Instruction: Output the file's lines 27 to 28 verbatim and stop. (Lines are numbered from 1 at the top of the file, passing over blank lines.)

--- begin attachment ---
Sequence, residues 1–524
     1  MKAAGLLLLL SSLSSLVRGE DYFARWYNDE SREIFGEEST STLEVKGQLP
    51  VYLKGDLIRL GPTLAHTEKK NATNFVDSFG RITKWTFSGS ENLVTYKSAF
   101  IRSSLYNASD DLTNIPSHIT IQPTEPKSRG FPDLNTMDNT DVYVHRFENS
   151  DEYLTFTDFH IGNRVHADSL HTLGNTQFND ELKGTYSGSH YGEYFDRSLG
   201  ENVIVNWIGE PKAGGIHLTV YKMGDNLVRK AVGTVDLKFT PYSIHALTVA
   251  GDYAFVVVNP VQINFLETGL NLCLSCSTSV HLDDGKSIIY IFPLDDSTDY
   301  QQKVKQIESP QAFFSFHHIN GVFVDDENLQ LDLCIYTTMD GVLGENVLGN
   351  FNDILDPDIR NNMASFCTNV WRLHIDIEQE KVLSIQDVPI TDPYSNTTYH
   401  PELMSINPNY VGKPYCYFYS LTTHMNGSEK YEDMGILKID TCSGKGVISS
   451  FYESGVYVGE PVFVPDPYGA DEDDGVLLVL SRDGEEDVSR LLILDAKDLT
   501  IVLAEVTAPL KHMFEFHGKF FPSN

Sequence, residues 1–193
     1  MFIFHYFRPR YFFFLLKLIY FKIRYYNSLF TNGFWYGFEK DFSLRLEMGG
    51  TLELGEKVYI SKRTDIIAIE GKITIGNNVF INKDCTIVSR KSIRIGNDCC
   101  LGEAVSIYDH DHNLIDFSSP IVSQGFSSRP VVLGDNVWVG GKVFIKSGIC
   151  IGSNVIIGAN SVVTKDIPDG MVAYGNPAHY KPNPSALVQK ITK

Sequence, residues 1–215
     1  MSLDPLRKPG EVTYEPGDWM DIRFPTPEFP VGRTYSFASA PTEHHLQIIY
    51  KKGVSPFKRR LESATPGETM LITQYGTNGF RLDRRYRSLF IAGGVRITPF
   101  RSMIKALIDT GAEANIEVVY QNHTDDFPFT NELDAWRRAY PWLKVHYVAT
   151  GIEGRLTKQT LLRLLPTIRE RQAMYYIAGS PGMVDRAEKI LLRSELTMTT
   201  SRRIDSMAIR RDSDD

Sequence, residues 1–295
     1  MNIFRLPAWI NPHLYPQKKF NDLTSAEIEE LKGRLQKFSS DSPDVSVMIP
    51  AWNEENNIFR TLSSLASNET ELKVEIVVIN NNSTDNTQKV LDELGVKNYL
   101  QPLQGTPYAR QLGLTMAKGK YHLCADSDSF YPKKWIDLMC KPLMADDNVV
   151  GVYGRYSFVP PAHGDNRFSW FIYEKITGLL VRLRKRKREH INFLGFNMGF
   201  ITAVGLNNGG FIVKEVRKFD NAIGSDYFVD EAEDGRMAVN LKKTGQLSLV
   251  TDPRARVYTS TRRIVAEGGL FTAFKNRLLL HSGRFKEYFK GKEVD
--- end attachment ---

   101  QPLQGTPYAR QLGLTMAKGK YHLCADSDSF YPKKWIDLMC KPLMADDNVV
   151  GVYGRYSFVP PAHGDNRFSW FIYEKITGLL VRLRKRKREH INFLGFNMGF